Once education is prioritized at your meeting, it will be incumbent upon the sitting Master to appoint a Lodge Education Officer, who will oversee preparing and presenting Education for each meeting. If you are the one who is pushing to improve the educational efforts in your lodge, don’t be surprised if this person is you. The question you are now asking yourself is most likely: Now What????

As Lodge Education Officer, you should focus on the below two things.

1. Providing Self Study opportunities for the lodge members.

2. Providing Educational Content for the lodge members.

I will explain each step in detail below.

1. Providing Self Study opportunities for the lodge members.

A. Providing self–study opportunities for your lodge members is probably the easiest way to try to get them engaged in Masonic Education. You should recommend podcasts from the below link to the brethren in your area.

You can also recommend books from these lists some of which are public domain:

or direct them to and ask them pick out something to read.

2. Providing Educational Content for the lodge members

Providing Educational Content for the lodge members is probably one of the most intimidating things that faces a Masonic Educator.  However, it should not be. Here are some ideas as to how to provide Lodge Education:

A. Know your audience. Warning: If you are interested in Esoteric Studies but your lodge is not, the surest way to burn them out and wear out your welcome as an educator is to tackle a complex Esoteric subject. You will need to gauge the interest of your lodge when it comes to topics for Masonic Education. I would suggest the first Education be a discussion with the lodge members of what topics they would like to discuss at future meetings. Here are some topics that you can offer them: The History of the Grand Lodge of Illinois, The History of Freemasonry, The Deeper Meaning behind our Symbols and Ritual, The History of our Ritual, Contemplative Masonry (Basic Applications of Mindfulness and Meditation guided by Masonic Ritual), Self-Improvement, and lastly: American Masonic History. Get their opinions and try to cover the topics that they are interested in. You should also survey them to see how they might prefer to learn. Some lodges might have members that would prefer to watch a video instead of listening to a presenter. Be sure to make sure you note their preferences and try to cater your education to their preferences. Also, try to network within your district to find brethren that share similar interests to you so that you can have an outlet for discussing Masonic topics that you might be interested in but that your fellow lodge members are not.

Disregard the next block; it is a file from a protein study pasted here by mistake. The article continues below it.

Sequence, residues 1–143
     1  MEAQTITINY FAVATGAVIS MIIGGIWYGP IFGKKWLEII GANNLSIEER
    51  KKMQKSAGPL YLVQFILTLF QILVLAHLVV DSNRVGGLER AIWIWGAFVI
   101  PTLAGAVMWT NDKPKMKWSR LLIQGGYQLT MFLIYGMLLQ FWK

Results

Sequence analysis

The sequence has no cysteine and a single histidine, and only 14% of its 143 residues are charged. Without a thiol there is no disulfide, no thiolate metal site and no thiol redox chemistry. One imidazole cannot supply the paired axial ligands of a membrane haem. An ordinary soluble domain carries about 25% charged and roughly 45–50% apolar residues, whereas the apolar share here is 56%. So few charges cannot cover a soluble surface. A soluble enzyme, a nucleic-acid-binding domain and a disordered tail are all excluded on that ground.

B. Once you know your audience, you will need to pick your topic for your education. You can use any of the resources above to help you in creating your presentation. Also don’t be afraid to use the Intender Handbooks, Short Talk Bulletins, the Lyceum, or the internet. The Midnight Freemasons Blog has a lot of articles on various subjects that you can use ( for Masonic Education. If you have a lodge that prefers video learning, don’t be afraid to use YouTube. The Masonic Minute series by Illustrious Bro. Steve Harrison is a good resource to use, as well as Refracted Light. Don’t be afraid to reach out to a speaker to see if they can present either in person or virtually if you can do so ( Just remember the steps below when creating the presentation for the topic you have chosen.

C. Follow the K.I.S.S. (Keep It Simple Stupid) principle. Any subject you present should not be too complex or at the very least have a way to translate it to be easily understood by all the members of your lodge. The topic or Topics that you choose to present should be thought of as a building block for future education. For Example, instead of trying to discuss the hidden meaning behind all the symbols given in the Third-Degree explanatory lecture during one education session, present them one at a time over the course of your stated meetings. When creating a presentation, imagine that you are trying to explain the topic you are presenting to a child. Just because you have a firm grasp on a subject does not mean that everyone else will also.